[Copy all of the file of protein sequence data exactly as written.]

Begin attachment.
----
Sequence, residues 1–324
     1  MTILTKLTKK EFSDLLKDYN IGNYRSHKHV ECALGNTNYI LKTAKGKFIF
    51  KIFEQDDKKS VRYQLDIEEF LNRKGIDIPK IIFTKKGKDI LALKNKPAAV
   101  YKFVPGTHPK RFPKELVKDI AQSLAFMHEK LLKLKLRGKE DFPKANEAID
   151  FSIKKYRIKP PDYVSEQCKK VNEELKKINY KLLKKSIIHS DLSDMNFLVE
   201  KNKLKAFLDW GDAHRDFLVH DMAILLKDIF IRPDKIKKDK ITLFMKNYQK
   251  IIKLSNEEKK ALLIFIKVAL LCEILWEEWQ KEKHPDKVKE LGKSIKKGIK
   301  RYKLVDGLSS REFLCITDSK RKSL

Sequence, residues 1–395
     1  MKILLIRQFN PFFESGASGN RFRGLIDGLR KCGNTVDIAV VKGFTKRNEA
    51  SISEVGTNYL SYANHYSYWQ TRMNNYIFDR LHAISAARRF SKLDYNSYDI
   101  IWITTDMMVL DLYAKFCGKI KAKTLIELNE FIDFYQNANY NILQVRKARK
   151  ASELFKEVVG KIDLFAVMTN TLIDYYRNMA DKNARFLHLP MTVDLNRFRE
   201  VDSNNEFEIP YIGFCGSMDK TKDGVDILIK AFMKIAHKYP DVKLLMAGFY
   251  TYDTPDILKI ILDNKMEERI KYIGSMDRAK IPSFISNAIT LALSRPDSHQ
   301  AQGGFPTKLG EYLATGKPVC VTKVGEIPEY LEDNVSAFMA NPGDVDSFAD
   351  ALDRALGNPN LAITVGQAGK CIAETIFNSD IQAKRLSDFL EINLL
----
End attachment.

Sequence, residues 1–324
     1  MTILTKLTKK EFSDLLKDYN IGNYRSHKHV ECALGNTNYI LKTAKGKFIF
    51  KIFEQDDKKS VRYQLDIEEF LNRKGIDIPK IIFTKKGKDI LALKNKPAAV
   101  YKFVPGTHPK RFPKELVKDI AQSLAFMHEK LLKLKLRGKE DFPKANEAID
   151  FSIKKYRIKP PDYVSEQCKK VNEELKKINY KLLKKSIIHS DLSDMNFLVE
   201  KNKLKAFLDW GDAHRDFLVH DMAILLKDIF IRPDKIKKDK ITLFMKNYQK
   251  IIKLSNEEKK ALLIFIKVAL LCEILWEEWQ KEKHPDKVKE LGKSIKKGIK
   301  RYKLVDGLSS REFLCITDSK RKSL

Sequence, residues 1–395
     1  MKILLIRQFN PFFESGASGN RFRGLIDGLR KCGNTVDIAV VKGFTKRNEA
    51  SISEVGTNYL SYANHYSYWQ TRMNNYIFDR LHAISAARRF SKLDYNSYDI
   101  IWITTDMMVL DLYAKFCGKI KAKTLIELNE FIDFYQNANY NILQVRKARK
   151  ASELFKEVVG KIDLFAVMTN TLIDYYRNMA DKNARFLHLP MTVDLNRFRE
   201  VDSNNEFEIP YIGFCGSMDK TKDGVDILIK AFMKIAHKYP DVKLLMAGFY
   251  TYDTPDILKI ILDNKMEERI KYIGSMDRAK IPSFISNAIT LALSRPDSHQ
   301  AQGGFPTKLG EYLATGKPVC VTKVGEIPEY LEDNVSAFMA NPGDVDSFAD
   351  ALDRALGNPN LAITVGQAGK CIAETIFNSD IQAKRLSDFL EINLL